“So how’d you learn how to dance like this?” Kim asked as they glided smoothly across the floor, putting all the other couples to shame. Tristan held her firmly but not tightly, guiding her smoothly through slow dances while romantically gazing into her eyes.
For a second his gaze flickered away, and then he smiled sheepishly. “I’m in an interpretive dance troupe.”
“You are not!” Kim exclaimed, but it did explain his dancing ability.
“Every Saturday morning since I was five. I started with ballet—”
He nodded. “Seriously. We all did, but only I stuck with it. When I got older I got more into interpretive dance because I like the more modern aspect of it, and the way you can do all sorts of unorthodox things while expressing yourself with form and music.” Finishing this little speech, he blushed. “Just don’t tell anybody, OK?”
Kim smiled. “Don’t worry. I hate gossip and talking about other people. Tristan, seriously, that is so cool! You’re so unique and special, and I love how excited you got just now when you were talking about it.”
Embarrassed, Tristan muttered, “Thanks. Just don’t let it out. I’d never live it down.”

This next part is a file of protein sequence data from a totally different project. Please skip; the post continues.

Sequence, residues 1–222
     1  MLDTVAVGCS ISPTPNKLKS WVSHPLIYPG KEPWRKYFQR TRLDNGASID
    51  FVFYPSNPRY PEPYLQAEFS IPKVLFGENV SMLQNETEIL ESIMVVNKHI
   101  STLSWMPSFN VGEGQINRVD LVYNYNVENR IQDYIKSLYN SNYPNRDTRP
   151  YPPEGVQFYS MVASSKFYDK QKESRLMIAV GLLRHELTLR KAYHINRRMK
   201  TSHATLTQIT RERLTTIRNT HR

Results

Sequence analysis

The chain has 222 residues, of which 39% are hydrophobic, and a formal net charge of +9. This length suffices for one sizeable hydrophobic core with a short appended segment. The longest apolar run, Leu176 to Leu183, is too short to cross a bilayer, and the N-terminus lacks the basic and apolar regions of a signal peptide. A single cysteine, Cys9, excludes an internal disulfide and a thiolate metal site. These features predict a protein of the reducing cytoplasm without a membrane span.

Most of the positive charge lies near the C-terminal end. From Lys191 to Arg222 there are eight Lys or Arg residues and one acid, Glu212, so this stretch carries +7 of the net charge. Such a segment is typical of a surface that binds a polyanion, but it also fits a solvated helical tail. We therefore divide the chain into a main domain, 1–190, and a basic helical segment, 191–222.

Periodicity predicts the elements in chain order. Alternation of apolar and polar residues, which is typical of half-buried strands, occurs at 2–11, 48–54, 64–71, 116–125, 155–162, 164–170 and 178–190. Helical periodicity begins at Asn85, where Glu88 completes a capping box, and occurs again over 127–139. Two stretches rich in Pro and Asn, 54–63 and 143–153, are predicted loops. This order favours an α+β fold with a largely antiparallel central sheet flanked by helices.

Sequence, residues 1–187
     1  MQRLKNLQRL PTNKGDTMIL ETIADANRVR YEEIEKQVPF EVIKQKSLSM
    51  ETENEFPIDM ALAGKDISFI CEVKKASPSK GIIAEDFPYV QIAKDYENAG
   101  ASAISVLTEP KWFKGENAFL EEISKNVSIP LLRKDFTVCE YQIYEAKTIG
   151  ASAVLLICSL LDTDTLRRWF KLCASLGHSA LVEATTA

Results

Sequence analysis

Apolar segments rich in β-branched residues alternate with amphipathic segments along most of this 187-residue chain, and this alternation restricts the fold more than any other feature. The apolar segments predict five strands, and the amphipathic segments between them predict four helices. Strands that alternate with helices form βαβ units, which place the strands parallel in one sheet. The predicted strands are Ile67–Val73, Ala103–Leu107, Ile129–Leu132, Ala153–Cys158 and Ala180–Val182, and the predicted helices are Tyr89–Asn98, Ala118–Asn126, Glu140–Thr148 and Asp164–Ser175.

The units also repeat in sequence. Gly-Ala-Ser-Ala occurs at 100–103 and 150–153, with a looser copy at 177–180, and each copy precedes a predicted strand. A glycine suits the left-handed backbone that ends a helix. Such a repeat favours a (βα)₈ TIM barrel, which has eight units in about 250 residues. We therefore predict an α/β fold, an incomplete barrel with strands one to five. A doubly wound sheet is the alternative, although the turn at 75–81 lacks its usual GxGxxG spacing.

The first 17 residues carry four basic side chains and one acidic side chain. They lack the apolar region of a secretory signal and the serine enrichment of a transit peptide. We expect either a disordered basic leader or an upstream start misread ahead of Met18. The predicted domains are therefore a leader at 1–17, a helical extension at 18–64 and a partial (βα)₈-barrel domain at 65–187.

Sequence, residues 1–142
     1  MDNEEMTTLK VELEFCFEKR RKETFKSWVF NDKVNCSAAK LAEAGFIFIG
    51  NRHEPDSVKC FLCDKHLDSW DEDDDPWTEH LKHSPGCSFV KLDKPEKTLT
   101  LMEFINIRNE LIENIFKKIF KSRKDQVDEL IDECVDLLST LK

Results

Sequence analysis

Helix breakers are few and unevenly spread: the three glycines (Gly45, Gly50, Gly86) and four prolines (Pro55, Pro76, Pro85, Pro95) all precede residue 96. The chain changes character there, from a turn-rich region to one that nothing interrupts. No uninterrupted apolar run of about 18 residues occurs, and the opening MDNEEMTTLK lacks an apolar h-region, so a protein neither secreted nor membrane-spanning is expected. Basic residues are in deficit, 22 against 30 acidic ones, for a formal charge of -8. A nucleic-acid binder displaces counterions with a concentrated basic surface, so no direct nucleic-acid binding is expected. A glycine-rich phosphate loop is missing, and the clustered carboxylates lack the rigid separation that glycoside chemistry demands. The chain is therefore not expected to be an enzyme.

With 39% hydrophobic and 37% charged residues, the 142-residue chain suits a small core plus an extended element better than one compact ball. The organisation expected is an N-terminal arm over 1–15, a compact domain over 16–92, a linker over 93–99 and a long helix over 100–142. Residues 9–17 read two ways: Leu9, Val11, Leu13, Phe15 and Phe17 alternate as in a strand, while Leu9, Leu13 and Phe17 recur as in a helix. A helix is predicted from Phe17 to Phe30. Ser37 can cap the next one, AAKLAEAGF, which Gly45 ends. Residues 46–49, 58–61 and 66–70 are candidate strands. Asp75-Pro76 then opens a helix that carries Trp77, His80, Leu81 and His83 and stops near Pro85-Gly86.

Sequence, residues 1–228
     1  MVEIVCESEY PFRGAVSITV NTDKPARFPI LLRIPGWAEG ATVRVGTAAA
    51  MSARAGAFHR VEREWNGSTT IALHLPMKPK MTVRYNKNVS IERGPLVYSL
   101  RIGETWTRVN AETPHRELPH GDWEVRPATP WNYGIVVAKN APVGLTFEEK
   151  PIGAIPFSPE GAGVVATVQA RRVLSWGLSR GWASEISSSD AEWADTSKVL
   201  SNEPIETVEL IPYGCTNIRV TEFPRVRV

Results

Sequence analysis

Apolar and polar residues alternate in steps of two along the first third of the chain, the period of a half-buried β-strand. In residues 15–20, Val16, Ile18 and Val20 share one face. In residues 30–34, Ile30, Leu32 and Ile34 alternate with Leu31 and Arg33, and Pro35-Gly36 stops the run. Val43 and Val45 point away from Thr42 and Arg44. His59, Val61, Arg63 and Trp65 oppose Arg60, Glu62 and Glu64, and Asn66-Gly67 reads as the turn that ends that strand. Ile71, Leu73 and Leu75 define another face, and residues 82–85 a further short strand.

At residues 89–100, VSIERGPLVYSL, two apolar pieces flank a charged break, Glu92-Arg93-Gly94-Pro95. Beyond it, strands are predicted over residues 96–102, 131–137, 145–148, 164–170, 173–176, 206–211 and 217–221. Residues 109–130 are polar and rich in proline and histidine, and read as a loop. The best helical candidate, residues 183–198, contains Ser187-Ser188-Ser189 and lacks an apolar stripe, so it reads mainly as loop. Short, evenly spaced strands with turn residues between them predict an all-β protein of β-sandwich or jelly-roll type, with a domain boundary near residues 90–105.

“I already said I wouldn’t,” Kim replied, slightly indignant. She pulled away to look at him seriously. “I swear you can trust me to never share any of your secrets. Anything you tell me is totally private and I won’t even write it in my journal. I promise.”
Tristan pulled her in close, and she wrapped her arms around his waist as they moved slowly together. He felt good, strong and muscular beneath his dark blue doublet; the hose showed off his well-turned calves and ankles, although the white tennis shoes did rather ruin the effect. They’d have to hide those somehow in the photos. Kim leaned in, putting her head against his shoulder, nuzzling into his neck. She felt his heart pounding wildly and smiled a secret smile into the velvet of his shoulder. That heart was pounding for her and her alone.
Later, when the music got faster and they decided to take a break, Tristan went off to obtain some strictly nonalcoholic punch for both of them. Kim caught sight of Austin and Crystin. Gratifyingly, they hadn’t been able to agree on a theme, and so ended up coming in everyday dress clothes, looking more out of place than all the costumed students.
“You want to just go for a walk?” Tristan asked when he returned, plastic goblets in hand. “It’s getting kind of hot in here.”
Kim readily agreed, imagining less walking and more snuggling and perhaps a first kiss somewhere in a dark corner. She was ready, and she knew Tristan was more than ready. This could be a very good evening, indeed.
But when they had pushed their way through the crowds outside, Kim and Tristan found themselves joined – almost chaperoned, Kim would have said, if she hadn’t known better – by Tristan’s twin sister and her cow-costumed date, who persistently dogged Kim and Tristan wherever they went. Kim leaned into Tristan’s arm and whispered in a sultry voice, “Let’s go somewhere more private.”